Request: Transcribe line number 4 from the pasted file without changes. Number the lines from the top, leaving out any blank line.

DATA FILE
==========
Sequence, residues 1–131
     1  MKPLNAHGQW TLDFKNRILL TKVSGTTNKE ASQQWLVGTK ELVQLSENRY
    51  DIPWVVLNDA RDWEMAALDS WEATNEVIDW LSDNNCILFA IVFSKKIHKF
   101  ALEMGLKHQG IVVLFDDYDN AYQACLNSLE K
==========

   101  ALEMGLKHQG IVVLFDDYDN AYQACLNSLE K